Migration Carries On
Monarchs are now moving through the Upper Midwest, southern Ontario, and New England. Migratory activity will remain high over the coming weeks. Keep reporting to Journey North.
Eastern Monarch Population
The leading edge of monarch migration is now hovering between latitude 40-45°N. More reports are coming in from the Upper Midwest, southern Ontario, and New England. How far north will monarchs be next week? Explore our Monarch Adult (FIRST sighted) map and make a prediction.
Judy in Verona, WI: “First Monarch sighting” (05/17/2021)
Joann in Saint Paul, MN: “First monarch on new milkweed.” (05/17/2021)
Colleen in Portland, CT: “The first Monarch to return to the Butterfly Garden in the courtyard at Gildersleeve School!!! Our 3rd Graders are sooooo excited!!! And she laid eggs!!!” (05/17/2021)
Cindy in Francestown, NH: “Stopped at an intersection, I had an adult monarch drift across in front of my car. Couldn’t tell male or female from my position.” (05/18/2021)
JP in Chatham-Kent, ON: “A very weathered and tattered female laying eggs in milkweed patch. Milkweed shoots are currently up to about 6” tall.” (05/18/2021)
Eggs, Larvae, and Milkweed
As monarchs move north, they are laying eggs along the way. Check milkweed plants — both leaves and flower buds – for eggs.
Della in Plymouth Meeting, PA: “After observing a Monarch flying out of my yard, I checked my milkweed and found at least 7 eggs. This is well over a month earlier than I’ve ever seen a Monarch or eggs in this area.” (05/14/2021)
The northern edge of larvae reports are clustered around latitude 39-41°N.
Lynette in Smyrna, DE: “[Monarch larva] on common milkweed in front of visitor center at Bombay Hook NWR.” (05/16/2021)
Despite cold temperatures last week, milkweed continues to emerge ahead of the leading edge of monarch migration.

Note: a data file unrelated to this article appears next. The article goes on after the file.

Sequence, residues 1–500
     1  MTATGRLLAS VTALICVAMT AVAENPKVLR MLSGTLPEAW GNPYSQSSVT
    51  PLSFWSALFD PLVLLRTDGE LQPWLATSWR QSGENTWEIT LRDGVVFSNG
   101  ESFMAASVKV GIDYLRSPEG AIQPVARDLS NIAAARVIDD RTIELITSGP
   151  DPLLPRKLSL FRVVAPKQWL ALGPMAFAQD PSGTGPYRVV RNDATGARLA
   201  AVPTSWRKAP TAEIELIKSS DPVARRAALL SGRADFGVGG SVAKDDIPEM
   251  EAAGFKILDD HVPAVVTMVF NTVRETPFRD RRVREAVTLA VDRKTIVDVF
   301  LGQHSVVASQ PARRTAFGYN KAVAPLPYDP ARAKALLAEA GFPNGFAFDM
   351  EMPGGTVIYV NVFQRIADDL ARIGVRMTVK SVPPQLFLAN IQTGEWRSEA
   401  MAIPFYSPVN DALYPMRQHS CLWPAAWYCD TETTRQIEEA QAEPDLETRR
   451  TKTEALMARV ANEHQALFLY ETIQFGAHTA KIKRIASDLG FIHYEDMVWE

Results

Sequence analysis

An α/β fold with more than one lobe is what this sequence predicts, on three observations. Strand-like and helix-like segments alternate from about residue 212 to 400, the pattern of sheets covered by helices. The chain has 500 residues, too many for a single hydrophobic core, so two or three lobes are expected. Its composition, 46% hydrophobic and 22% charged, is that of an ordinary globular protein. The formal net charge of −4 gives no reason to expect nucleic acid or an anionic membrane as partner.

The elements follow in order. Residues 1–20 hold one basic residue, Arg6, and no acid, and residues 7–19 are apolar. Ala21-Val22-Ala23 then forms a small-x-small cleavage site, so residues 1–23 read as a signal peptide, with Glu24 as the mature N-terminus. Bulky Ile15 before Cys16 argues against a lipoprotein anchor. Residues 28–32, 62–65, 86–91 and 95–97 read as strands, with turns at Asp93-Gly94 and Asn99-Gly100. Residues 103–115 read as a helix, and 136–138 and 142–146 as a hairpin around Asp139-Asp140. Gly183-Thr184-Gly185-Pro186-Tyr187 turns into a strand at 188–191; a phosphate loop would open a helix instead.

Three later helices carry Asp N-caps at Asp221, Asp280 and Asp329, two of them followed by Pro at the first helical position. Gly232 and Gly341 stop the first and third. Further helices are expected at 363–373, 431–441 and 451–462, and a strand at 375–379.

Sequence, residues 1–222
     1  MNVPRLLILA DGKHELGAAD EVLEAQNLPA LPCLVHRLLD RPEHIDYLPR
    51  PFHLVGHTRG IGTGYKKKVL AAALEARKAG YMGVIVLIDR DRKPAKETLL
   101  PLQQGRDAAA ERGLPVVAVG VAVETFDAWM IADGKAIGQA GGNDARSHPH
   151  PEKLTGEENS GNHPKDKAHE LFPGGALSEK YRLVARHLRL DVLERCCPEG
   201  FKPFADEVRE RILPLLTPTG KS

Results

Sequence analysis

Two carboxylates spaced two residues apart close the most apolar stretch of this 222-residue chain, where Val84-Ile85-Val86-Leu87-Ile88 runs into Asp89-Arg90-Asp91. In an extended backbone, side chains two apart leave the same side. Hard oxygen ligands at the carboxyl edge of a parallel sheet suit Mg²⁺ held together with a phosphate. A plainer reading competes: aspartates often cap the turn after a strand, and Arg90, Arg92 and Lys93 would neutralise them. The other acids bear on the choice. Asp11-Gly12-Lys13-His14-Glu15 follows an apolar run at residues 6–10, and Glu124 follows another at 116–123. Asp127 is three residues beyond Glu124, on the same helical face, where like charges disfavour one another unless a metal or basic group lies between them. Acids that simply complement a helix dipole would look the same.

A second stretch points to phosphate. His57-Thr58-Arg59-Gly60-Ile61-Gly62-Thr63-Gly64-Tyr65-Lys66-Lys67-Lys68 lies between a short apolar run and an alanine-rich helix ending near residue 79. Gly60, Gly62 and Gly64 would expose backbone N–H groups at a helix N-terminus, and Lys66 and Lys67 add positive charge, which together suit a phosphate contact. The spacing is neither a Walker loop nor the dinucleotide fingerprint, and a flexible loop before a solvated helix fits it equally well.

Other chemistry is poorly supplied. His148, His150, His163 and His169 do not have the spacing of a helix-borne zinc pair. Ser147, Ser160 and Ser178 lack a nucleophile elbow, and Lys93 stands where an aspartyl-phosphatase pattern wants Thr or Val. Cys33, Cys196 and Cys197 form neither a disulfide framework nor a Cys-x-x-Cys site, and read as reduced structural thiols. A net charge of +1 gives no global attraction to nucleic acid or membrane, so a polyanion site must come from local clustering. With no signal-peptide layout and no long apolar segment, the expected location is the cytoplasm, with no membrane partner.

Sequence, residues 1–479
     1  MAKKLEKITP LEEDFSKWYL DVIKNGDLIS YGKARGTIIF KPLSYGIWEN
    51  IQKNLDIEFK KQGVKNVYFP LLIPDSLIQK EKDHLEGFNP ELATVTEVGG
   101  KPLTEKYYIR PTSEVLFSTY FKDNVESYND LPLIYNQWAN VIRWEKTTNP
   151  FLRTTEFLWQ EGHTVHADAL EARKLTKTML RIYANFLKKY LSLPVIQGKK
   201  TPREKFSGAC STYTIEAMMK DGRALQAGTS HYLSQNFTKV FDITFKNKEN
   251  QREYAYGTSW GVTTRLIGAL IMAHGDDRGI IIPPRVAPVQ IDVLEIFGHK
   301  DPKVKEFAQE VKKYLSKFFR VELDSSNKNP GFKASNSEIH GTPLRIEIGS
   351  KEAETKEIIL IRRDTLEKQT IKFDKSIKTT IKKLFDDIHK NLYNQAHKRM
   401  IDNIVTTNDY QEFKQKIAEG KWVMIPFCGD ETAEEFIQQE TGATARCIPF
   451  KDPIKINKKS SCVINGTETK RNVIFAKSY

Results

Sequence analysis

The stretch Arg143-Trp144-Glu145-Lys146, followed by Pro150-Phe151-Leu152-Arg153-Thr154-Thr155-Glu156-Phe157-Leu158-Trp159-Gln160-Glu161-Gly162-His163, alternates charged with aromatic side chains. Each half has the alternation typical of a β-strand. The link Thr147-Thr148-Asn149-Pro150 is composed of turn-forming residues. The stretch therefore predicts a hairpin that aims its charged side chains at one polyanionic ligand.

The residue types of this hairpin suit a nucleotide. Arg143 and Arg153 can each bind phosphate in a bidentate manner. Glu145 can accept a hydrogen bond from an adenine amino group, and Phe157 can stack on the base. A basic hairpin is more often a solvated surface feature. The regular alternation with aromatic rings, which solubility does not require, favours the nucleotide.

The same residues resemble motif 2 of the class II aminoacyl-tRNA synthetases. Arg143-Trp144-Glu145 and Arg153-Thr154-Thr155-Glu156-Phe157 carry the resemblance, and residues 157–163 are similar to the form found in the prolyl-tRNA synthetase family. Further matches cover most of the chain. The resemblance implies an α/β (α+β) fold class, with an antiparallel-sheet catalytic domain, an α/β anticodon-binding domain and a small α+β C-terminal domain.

Lynn in Kirkland, QC: “Both common and swamp milkweed emerging in my butterfly garden.” (05/17/2021)
While milkweed is critical for monarchs, nectar-rich flowers are also important. Many Journey North volunteers provide detailed reports of monarch nectaring behavior and the plants monarchs visit.
Gregg in Glen Rose, TX: “First Generation 1 I have seen this year. Then in another location I saw a surviving Generation 0. Both on Glandularia bipinnatifida, locally called just “Verbena”. Lady Bird Johnson Wildflower Center (UT Austin) lists common names Prairie Verbena, Purple Prairie Verbena, Dakota Vervain, Dakota Mock Vervain, Moradilla, Alfombrilla. Anyway it’s everywhere.” (05/09/2021)
Western Monarch Population
Letter from Gail Morris: Western Monarch Spring Report #12
Out West, reports of monarchs are few and far between. But given the time of year, this is not surprising. As Gail Morris writes, “New sightings were small in number this week, a harbinger of the season as monarchs fly to their summer breeding areas through large uninhabited areas. But there was a new first sighting further north in Utah, revealing a glimpse of their journey. We’ll all be watching to see if new reports appear in Oregon this upcoming week, an indicator of some California monarchs on their Spring migration as well as other Western states.”
Migration is still moving along. Keep reporting your observations of monarchs, monarch eggs, monarch larvae, and milkweed. If possible, please include photos and ensure your photo is properly rotated. Photos help verify reports and we enjoy sharing them with our Journey North community!